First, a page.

I’m hoping to work in parallel on non-fiction topics through 2013.

Book cover: Totally delighted with first draft for the Past imperfect cover and the designer’s proposals for the others. The master design will be modified for the next two or three books to reflect differences in location and content focus.

Changes pending

Changes pending

Pen name: I’ve been dallying over a pen-name for my fiction writing for a while and have eventually settled on Winfreda Donald. There is a story to that choice which I’ve included in the back matter for Past imperfect.

Colleagues / friends: One Writer’s Group friend, Nene Davies is featuring her work on The Next Big Thing today and her first novel Distance is to be e-published by an Australian publisher around May. You can visit Nene’s blog at www.nenedavies.com. Sara, another Group friend is almost ready to submit a manuscript to a publisher. Good luck Nene and Sara.

A walk in the park

A walk in the park

Other activities:

#1. I’ve been tagged for The Next Big Thing next week – looking forward to circulating that next Tuesday, 22nd January.

#2. Am working my way intensively through an online ProWriter course How to find readers and market your novel, devised by Joanna Penn and C J Lyons. I barrelled into it but you can choose to work on the content at any pace. For me it is terrific value as it provides a useful framework to all my random internet searches seeking ideas for marketing e-books. The material, blending as it does the experience of a multi-book author with that of a newer author on the block, is very practical and both presenters are generous with ideas, clearly oriented to a business approach to their work and emphasising the ethical with it all. They provide much support material and reference other writers as well.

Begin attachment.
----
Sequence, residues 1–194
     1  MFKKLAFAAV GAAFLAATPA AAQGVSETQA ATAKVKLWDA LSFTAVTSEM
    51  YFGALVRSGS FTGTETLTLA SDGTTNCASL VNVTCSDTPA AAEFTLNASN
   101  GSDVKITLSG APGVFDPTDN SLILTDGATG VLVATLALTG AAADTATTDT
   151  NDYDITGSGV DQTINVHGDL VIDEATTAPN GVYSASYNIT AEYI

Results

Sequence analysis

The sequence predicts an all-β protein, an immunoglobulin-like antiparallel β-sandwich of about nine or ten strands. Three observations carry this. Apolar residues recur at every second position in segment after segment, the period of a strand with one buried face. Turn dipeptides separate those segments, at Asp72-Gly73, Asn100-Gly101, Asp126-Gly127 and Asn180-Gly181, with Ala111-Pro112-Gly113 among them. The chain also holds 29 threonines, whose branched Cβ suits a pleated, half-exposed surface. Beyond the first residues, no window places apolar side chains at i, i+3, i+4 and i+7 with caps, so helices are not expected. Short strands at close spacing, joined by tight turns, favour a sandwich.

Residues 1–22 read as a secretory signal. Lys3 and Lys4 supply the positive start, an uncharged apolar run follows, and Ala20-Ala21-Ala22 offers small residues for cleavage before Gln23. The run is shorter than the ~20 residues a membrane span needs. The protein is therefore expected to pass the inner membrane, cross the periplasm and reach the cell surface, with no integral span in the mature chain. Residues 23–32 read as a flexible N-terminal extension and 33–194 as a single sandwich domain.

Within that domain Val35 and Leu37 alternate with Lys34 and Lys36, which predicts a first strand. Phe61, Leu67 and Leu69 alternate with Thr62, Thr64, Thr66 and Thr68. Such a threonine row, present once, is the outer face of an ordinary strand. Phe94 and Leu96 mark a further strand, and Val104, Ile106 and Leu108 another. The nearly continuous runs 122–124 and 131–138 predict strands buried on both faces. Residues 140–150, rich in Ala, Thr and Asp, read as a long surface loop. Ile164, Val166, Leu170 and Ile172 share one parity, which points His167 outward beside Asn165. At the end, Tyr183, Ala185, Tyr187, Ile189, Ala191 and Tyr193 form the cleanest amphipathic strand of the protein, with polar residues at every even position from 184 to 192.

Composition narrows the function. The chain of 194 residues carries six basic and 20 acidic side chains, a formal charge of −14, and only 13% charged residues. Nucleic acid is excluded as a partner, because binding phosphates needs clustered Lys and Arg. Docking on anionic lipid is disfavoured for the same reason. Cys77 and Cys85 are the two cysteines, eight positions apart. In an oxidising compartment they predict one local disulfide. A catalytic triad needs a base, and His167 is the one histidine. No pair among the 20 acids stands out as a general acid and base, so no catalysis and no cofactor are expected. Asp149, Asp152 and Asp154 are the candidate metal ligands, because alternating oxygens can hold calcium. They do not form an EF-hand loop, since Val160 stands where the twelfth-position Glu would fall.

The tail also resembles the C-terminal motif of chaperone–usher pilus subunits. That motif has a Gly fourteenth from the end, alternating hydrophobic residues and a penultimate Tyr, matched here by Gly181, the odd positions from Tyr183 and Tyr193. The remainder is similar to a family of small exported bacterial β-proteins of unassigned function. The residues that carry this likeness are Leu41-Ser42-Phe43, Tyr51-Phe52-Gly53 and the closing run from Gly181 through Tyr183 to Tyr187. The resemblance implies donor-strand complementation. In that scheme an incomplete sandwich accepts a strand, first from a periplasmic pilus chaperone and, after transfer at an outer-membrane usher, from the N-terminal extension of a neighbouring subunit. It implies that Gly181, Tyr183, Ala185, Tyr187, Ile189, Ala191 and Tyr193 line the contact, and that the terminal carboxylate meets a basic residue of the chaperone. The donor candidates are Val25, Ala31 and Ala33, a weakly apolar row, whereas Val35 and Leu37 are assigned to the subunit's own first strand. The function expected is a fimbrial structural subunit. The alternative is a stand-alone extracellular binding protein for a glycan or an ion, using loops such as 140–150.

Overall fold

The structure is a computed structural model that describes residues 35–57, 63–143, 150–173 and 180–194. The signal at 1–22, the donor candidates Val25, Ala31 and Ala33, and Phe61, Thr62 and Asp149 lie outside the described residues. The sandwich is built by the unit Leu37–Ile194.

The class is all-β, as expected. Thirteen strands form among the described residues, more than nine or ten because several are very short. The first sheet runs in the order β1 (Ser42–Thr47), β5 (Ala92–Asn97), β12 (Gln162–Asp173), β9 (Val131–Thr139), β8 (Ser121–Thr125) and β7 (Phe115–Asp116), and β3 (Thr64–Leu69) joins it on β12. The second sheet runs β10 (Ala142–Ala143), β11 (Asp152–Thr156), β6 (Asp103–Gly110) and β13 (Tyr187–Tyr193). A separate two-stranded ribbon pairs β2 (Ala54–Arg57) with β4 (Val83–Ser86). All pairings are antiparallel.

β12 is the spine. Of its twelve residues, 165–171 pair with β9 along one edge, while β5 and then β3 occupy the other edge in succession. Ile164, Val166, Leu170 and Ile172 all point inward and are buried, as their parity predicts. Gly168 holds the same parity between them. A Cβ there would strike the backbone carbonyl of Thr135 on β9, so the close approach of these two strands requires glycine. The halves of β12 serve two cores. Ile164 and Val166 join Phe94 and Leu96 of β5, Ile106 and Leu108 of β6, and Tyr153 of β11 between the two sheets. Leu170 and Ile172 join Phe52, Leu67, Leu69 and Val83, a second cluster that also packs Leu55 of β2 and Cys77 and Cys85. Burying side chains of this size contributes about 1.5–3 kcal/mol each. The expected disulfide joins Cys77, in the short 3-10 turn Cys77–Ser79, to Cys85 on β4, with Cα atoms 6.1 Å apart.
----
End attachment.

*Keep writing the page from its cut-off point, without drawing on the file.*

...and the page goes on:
I will be a little slow to get going, but now feel mentally if not technologically prepared to market Past imperfect when it is ready. Hopefully late next month.

You can tap into information on http://www.thecreativepenn.com/marketyourbook/. It works for me as a newbie on the scene but I think some established indie authors could gain benefit as well. Thank-you Joanna and CJ.

#3. I joined Romance Writers Australia and am impressed by the wide range of information and the support available to members. When I’ve finalised Past imperfect activities, my first port of call will be to seek a critique partner (or two) as I work on the next edit of Present tense, the second book of the saga series.

It feels like a positive start to 2013. Best wishes to all.

Ready for a full year of writing

3 January 2013

A new year full of promise. It truly feels like that. We brought it in by watching the 2012 Golden Jubilee Edinburgh Tattoo followed by the Last Night of the Proms. It was a comforting farewell to the year that’s past.

Then it was time to spend a few minutes glancing at the spectacular fireworks displays around the nation and beyond. Of course sensational to watch but I always have an uncomfortable feeling that the cost might be better spent. There are sure to be arguments that find helpful outcomes from the displays but I won’t spend energy pursuing them.

Today I set up three new directions. Timely for the start of a year but they’d been on the agenda for a while and this was the right time. I ordered a block of ISBNs (have hopes for three self-published e-books or more before 2014), enrolled as a member of a national writing organisation, and started a writing-related course (marketing emphasis). These all fit well with the commission of three book covers for the family saga – I look forward to seeing drafts before the end of the month.

It all feels exciting.

Also exciting was news of acceptance of a writer friend’s novel by an e-publisher. It will probably be out there around May. Congratulations to Nene. Can’t wait to hear about her next steps. And I know there is another novel on the blocks.

Best wishes to all for a healthy, happy and productive year in 2013.